Background Most low back pain trials have limited applicability to the emergency department (ED) because they provide treatment and measure outcomes after discharge from the ED. We investigated the efficacy and safety of pharmacological and non-pharmacological interventions delivered in the ED to patients with non-specific low back pain and/or sciatica on patient-relevant outcomes measured during the emergency visit.
Methods Literature searches were performed in MEDLINE, EMBASE and CINAHL from inception to week 1 February 2020. We included all randomised controlled trials investigating adult patients (≥18 years) with non-specific low back pain and/or sciatica presenting to ED. The primary outcome of interest was pain intensity. Two reviewers independently screened the full texts, extracted the data and assessed risk of bias of each trial using the Physiotherapy Evidence Database (PEDro) scale. The overall quality of evidence, or certainty, provided by a set of trials evaluating the same treatment was evaluated using the Grading of Recommendations Assessment, Development and Evaluation (GRADE) approach, which considers imprecision, inconsistency, indirectness and bias in the evidence.
Results Fifteen trials (1802 participants) were included with 12 of 15 at low risk of bias (ie, PEDro score >6). Based on results from individual trials and moderate quality evidence, ketoprofen gel was more effective than placebo for non-specific low back pain at 30 min (mean difference (MD) −15.0, 95% confidence interval (CI) −21.0 to −9.0). For those with sciatica (moderate quality evidence), intravenous paracetamol (acetaminophen) (MD −15.7, 95% CI −19.8 to −11.6) and intravenous morphine (MD −11.4, 95% CI −21.6 to −1.2) were both superior to placebo at 30 min. Based on moderate quality of evidence, corticosteroids showed no benefits against placebo at emergency discharge for non-specific low back pain (MD 9.0, 95% CI −0.71 to 18.7) or sciatica (MD −6.8, 95% CI −24.2 to 10.6). There were conflicting results from trials comparing different pharmacological options (moderate quality evidence) or investigating non-pharmacological treatments (low quality evidence).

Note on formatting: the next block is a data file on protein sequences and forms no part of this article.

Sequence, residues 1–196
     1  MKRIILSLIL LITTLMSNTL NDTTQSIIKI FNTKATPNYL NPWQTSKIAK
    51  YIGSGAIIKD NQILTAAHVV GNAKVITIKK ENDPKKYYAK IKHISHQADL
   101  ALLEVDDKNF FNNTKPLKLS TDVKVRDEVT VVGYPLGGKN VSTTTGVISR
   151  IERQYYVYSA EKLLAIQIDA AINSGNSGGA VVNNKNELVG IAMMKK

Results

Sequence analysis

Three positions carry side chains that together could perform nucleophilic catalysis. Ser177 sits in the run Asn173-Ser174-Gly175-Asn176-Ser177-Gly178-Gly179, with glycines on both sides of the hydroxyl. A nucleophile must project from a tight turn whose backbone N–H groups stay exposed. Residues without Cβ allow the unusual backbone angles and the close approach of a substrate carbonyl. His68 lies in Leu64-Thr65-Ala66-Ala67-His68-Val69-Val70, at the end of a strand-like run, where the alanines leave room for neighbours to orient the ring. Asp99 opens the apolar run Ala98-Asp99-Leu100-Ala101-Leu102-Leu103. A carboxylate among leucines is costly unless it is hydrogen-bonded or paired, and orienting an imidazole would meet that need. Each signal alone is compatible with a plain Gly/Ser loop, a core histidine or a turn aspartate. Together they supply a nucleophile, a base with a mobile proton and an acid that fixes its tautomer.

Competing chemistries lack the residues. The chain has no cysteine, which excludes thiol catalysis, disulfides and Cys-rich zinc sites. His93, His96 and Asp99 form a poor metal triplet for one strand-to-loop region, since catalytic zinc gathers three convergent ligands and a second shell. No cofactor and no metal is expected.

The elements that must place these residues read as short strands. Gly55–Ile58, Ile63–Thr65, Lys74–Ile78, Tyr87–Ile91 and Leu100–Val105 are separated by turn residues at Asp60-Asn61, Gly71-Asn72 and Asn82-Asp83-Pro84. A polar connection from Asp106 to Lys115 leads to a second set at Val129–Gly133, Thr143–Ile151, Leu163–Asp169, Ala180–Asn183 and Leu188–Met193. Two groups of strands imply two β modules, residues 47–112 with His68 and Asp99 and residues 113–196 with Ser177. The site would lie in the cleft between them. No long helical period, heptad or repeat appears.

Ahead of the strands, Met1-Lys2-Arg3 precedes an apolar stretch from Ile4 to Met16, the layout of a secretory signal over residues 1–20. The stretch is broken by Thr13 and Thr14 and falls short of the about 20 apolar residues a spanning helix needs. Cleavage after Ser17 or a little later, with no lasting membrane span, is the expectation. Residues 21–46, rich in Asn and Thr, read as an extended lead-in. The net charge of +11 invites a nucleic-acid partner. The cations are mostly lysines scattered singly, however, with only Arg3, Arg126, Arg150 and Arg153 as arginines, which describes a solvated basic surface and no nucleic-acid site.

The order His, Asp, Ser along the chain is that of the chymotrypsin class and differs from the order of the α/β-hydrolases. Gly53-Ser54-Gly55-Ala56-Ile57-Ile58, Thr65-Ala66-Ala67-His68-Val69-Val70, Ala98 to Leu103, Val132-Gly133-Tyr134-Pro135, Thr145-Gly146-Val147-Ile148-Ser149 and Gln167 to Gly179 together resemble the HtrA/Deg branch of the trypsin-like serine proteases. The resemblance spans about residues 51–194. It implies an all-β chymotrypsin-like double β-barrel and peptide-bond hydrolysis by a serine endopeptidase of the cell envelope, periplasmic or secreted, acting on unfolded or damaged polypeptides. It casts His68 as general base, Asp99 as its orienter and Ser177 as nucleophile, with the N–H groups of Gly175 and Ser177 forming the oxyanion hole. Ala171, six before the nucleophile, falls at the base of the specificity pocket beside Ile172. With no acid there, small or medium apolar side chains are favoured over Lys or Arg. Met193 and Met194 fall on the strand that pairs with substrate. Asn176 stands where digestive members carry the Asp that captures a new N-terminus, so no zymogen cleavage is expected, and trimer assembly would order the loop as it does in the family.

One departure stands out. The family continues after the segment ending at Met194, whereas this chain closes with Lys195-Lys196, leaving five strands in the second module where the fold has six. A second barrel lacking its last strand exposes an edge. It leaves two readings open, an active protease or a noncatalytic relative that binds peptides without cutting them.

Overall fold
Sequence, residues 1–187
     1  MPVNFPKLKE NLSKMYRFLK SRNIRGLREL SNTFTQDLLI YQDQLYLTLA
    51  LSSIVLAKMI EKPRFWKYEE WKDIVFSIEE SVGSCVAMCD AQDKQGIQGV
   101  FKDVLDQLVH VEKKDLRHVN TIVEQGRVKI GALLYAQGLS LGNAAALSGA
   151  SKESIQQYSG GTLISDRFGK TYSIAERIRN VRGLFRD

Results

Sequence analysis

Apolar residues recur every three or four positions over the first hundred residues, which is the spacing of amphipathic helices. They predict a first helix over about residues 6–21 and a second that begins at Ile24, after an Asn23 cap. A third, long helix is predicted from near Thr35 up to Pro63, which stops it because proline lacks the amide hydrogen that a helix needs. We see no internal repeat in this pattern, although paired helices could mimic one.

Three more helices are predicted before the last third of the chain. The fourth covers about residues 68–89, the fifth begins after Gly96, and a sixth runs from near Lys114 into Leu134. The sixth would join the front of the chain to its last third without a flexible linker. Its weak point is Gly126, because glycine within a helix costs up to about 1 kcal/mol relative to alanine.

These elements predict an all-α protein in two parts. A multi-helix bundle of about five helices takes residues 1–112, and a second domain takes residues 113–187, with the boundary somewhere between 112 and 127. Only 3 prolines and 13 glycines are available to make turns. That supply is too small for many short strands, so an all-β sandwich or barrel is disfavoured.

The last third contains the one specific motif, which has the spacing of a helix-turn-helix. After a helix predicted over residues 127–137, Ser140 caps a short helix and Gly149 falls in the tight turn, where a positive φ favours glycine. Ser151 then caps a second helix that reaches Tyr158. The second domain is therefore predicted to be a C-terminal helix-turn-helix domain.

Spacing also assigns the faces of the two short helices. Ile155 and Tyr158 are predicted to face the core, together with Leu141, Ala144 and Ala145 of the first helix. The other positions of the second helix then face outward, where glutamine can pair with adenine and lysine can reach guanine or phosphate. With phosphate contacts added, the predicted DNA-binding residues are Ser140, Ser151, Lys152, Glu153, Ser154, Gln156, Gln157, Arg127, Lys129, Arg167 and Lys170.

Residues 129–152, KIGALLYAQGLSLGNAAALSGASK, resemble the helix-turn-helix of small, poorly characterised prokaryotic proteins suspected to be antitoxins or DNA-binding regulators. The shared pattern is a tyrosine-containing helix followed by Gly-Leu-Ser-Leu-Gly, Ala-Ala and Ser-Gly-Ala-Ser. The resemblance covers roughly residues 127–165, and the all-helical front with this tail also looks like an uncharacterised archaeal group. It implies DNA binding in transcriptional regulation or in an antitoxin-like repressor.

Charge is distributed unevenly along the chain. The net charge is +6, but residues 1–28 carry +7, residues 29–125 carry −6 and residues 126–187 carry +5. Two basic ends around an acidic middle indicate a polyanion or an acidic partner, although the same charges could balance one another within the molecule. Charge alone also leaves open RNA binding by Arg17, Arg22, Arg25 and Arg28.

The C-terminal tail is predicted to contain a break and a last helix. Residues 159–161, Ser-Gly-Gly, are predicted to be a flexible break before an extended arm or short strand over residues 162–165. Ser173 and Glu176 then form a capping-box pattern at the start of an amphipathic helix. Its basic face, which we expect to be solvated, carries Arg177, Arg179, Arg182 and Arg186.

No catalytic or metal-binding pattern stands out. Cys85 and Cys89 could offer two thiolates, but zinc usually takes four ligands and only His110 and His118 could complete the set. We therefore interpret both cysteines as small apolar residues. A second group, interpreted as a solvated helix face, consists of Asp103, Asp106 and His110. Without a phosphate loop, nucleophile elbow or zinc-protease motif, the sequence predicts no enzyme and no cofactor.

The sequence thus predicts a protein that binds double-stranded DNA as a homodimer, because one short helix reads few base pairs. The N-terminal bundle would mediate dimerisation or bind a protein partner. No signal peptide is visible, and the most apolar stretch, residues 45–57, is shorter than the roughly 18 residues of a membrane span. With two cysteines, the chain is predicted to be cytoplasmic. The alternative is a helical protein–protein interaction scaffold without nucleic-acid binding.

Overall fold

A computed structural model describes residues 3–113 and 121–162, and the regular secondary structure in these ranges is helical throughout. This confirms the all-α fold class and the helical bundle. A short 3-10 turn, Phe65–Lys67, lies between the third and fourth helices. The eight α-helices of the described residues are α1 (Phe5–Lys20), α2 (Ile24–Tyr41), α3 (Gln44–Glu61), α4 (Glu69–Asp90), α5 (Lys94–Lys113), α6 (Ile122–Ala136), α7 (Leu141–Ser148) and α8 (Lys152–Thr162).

Conclusion Ketoprofen gel for non-specific low back pain and intravenous paracetamol or morphine for sciatica were superior to placebo, whereas corticosteroids were ineffective for both conditions. There was conflicting evidence for comparisons of different pharmacological options and those involving non-pharmacological treatments. Additional trials measuring important patient-related outcomes to EDs are needed.
- spine non trauma
- emergency department management
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